Pulmonary resection in the treatment of patients with pulmonary multidrug-resistant tuberculosis in taiwan

C. Y. Chiang, M. C. Yu, K. J. Bai, J. Suo, T. P. Lin, Y. C. Lee

Research output: Contribution to journalArticle

33 Citations (Scopus)

Abstract

SETTING: Chronic Disease Control Bureau, Department of Health, Taiwan. OBJECTIVE: To evaluate the role of pulmonary resection in the treatment of pulmonary tuberculosis resistant to isoniazid and rifampin (MDR-TB). DESIGN: In a retrospective cohort study, 27 MDR-TB patients who underwent pulmonary resection between December 1990 and March 1999 were reviewed. Individually-tailored treatment regimens were selected at a once-weekly staff conference following review of the patient's case history and drug susceptibility results. Surgery was performed for selected patients, essentially those: 1) whose medical treatment had failed, or for whom treatment failure seemed highly likely, or for whom post-treatment relapse seemed likely, 2) with predominantly localised disease, 3) with adequate cardiopulmonary reserve, and 4) whose treatment regimen had been composed of at least two effective drugs to diminish the mycobacterial burden. RESULTS: There was no surgical mortality apart from one peri-operative death (4%). Three patients (11%) developed complications, and 24 (92%) patients demonstrated sputum conversion and/or remained negative after surgery. Twenty-three patients have already completed treatment, and during a mean of 42 ± 18 follow-up months (range 15-80 months), one patient relapsed. This patient was disease-free after another course of treatment. CONCLUSION: For selected patients, pulmonary resection may improve the outcome of pulmonary MDR-TB.

Original languageEnglish
Pages (from-to)272-277
Number of pages6
JournalInternational Journal of Tuberculosis and Lung Disease
Volume5
Issue number3
Publication statusPublished - 2001
Externally publishedYes

Fingerprint

Multidrug-Resistant Tuberculosis
Taiwan
Pulmonary Tuberculosis
Lung
Therapeutics
Isoniazid
Rifampin
Sputum
Treatment Failure
Pharmaceutical Preparations
Chronic Disease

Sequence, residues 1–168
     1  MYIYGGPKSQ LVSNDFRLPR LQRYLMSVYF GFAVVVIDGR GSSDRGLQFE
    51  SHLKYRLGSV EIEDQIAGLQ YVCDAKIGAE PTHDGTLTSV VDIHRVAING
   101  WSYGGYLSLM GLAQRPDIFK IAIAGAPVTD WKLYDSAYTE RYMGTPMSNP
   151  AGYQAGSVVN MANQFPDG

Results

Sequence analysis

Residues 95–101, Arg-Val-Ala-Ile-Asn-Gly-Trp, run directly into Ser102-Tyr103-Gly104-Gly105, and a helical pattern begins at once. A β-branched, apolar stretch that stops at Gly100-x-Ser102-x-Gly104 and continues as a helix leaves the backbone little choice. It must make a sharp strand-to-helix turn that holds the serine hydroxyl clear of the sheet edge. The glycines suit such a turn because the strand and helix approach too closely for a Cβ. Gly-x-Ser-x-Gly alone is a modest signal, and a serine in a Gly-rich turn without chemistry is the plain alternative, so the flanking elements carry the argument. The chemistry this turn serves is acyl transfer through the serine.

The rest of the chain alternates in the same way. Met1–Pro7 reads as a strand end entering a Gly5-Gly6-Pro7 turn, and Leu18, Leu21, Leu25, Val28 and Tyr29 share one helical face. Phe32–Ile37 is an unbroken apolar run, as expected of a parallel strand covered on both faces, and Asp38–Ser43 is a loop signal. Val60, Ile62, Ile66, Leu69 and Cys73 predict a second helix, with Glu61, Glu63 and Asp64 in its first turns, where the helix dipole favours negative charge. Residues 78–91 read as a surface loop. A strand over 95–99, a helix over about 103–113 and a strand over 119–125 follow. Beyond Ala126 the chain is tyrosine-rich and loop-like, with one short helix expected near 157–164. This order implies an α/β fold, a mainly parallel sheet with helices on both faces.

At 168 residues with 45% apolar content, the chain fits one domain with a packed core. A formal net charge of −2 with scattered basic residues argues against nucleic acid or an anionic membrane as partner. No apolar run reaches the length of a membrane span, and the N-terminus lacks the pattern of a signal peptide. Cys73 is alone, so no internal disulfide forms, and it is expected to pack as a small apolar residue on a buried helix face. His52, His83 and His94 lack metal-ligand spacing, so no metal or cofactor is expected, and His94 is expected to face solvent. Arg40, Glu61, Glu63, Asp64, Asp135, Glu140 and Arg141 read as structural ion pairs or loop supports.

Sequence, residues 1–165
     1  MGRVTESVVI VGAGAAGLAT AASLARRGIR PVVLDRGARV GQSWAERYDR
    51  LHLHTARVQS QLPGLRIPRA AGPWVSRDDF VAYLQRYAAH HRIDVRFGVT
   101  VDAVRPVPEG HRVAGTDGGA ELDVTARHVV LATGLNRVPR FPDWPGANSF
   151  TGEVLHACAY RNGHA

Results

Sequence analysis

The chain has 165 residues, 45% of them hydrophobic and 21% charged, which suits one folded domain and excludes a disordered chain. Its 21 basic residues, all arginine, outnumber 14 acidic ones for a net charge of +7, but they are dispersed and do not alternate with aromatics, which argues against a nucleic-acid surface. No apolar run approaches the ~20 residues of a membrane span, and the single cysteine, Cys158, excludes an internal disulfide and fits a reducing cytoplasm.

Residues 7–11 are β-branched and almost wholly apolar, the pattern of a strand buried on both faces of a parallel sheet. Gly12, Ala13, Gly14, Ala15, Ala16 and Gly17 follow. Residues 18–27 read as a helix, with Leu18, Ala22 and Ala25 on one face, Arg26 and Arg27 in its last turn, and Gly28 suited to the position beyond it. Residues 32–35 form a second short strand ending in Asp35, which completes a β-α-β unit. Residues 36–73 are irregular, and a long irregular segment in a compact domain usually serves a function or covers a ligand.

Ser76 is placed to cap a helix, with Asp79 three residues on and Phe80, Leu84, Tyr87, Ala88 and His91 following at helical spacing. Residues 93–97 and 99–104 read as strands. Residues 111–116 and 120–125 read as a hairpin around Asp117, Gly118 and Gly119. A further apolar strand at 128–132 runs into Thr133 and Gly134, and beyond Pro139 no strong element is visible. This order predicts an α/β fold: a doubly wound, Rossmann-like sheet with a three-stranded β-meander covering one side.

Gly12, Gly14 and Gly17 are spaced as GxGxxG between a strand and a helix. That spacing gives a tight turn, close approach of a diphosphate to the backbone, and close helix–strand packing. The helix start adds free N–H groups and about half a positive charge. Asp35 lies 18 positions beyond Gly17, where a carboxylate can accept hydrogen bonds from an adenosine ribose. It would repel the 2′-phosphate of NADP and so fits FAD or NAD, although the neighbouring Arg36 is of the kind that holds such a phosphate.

Cohort Studies
Retrospective Studies
Recurrence
Mortality

Keywords

  • Multidrug-resistant
  • Pulmonary resection
  • Surgery
  • Taiwan
  • Tuberculosis

ASJC Scopus subject areas

  • Pulmonary and Respiratory Medicine

Cite this

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abstract = "SETTING: Chronic Disease Control Bureau, Department of Health, Taiwan. OBJECTIVE: To evaluate the role of pulmonary resection in the treatment of pulmonary tuberculosis resistant to isoniazid and rifampin (MDR-TB). DESIGN: In a retrospective cohort study, 27 MDR-TB patients who underwent pulmonary resection between December 1990 and March 1999 were reviewed. Individually-tailored treatment regimens were selected at a once-weekly staff conference following review of the patient's case history and drug susceptibility results. Surgery was performed for selected patients, essentially those: 1) whose medical treatment had failed, or for whom treatment failure seemed highly likely, or for whom post-treatment relapse seemed likely, 2) with predominantly localised disease, 3) with adequate cardiopulmonary reserve, and 4) whose treatment regimen had been composed of at least two effective drugs to diminish the mycobacterial burden. RESULTS: There was no surgical mortality apart from one peri-operative death (4{\%}). Three patients (11{\%}) developed complications, and 24 (92{\%}) patients demonstrated sputum conversion and/or remained negative after surgery. Twenty-three patients have already completed treatment, and during a mean of 42 ± 18 follow-up months (range 15-80 months), one patient relapsed. This patient was disease-free after another course of treatment. CONCLUSION: For selected patients, pulmonary resection may improve the outcome of pulmonary MDR-TB.",